At Acclaro, we've helped Fortune 500 companies, tech startups and leading American brands succeed in global markets with their innovative products. One of the ways we try and communicate the most current, cutting-edge localization news is through our blog. While we've already brought you the 10 most popular blog posts in our Q1 2012 newsletter, we'd like to continue our 10th anniversary blog series with the 10 most interesting posts we've done, to date. Check them out....
The Acclaro blog is two years old! Two full years of snippets of localization savvy, language, and international business, all for you, dear Mr. or Ms. Acclaro Blog Fan. Since 2010, we've done our best to bring some pizzazz to your international business life, and we hope we've succeeded. Come with us as we take a trip down blog memory lane.
LinkedIn announced today that is has expanded its website languages to include Russian, Romanian and Turkish. 100 million members strong, with 25 million users in Europe alone, LinkedIn has become the uncontested online destination for business professionals.
LinkedIn got it right from the start. Soon after their domestic launch, they realized that going global fast would cinch their victory in a competitive online space. Their global business ambitions took shape in a strategy, and that strategy led to website localization. They undertook the market research, became versed in international regulations, such as the EU’s International Safe Harbor Privacy Principles, and then created a business infrastructure to support their global website. In tandem with the launch of the site in German, Spanish, Portuguese, French and Italian, LinkedIn rolled out multi-language customer support, locale-specific payment processing and advertising. The selection of LinkedIn.com as one of TIME's top websites of 2010 is proof of their success.
Thanks to their quick reaction to shifting global trends for networking, exchanging ideas and recruiting talent, the LinkedIn platform is the social medium in Europe and North America, and is gaining influence daily in the Chinese, Japanese and Indian markets. Yesterday, LinkedIn crossed a major milestone of 10 million members in India.
Since the solution for each organization is completely unique, it’s important to ask yourself a few critical questions so you can start out on the right path. These questions may address what seem like small issues, but taken altogether, they can mean the difference between an efficient, effective, successful team, and a chaotic and inefficient one.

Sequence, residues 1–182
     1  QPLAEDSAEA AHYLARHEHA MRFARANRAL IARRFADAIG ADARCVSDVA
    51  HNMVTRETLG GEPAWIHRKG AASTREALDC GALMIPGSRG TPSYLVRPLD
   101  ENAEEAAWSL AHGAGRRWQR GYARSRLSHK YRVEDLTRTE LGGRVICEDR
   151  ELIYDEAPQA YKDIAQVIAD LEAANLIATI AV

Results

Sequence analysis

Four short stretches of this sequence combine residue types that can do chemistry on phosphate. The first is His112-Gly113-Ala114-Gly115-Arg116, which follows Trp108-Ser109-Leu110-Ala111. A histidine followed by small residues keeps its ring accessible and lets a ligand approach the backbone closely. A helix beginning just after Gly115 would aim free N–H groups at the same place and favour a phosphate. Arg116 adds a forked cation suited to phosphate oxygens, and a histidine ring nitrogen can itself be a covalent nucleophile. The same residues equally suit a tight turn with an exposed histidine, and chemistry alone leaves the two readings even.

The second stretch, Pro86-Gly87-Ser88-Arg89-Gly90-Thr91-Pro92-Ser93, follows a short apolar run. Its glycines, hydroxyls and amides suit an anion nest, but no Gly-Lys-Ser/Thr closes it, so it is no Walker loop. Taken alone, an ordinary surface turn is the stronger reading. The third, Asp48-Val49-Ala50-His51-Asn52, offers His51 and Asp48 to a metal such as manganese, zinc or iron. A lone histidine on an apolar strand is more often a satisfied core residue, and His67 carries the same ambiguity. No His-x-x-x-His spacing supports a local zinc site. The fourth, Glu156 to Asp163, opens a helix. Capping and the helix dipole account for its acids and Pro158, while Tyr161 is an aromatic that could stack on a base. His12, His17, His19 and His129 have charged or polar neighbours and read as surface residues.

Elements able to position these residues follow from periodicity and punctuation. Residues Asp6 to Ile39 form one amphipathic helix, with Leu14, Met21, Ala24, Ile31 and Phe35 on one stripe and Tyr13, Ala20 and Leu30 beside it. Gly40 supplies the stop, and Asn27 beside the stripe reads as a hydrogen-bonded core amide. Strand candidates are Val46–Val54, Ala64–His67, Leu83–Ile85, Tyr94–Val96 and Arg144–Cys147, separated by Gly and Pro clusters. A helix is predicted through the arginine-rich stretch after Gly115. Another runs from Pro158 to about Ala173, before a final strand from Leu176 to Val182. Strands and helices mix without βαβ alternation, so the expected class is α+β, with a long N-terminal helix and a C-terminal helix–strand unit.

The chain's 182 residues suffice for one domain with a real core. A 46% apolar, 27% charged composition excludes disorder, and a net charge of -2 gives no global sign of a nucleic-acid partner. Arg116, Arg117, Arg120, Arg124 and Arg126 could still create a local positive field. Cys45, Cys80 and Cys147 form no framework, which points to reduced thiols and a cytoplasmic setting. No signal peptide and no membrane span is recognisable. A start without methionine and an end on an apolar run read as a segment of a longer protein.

Here’s your first question: Is there someone on your internal staff who can be the designated manager of your localization crew?
Crowdsourcing is hot. And not just in the tech world. The crowd is changing the face of the translation industry with every passing day. There’s even a buzz phrase for it: social localization.
Regina Bustamente from Guideware and Janice Campbell from Adobe recently gave a talk at the Acclaro San Francisco office on tips for making translation crowdsourcing projects successful. Here are a few highlights:
About author Jon Ritzdorf: Jon serves as the Acclaro in-house globalization architect. He holds an M.A. in Chinese Translation and draws on more than a decade of experience for both his professional work and as an adjunct professor at New York University and the Monterey Institute of International Studies.
What are some of the latest trends in China?
There are several trends to be aware of:
Micro-blogging (i.e. Twitter) has really taken off in China. The clear leader is Sina Weibo, launched in August 2009, with nearly 100 million users, according to Forbes.com. If you’re trying to create a loyal following and/or promote your products directly to Chinese customers, definitely consider a Chinese micro-blog.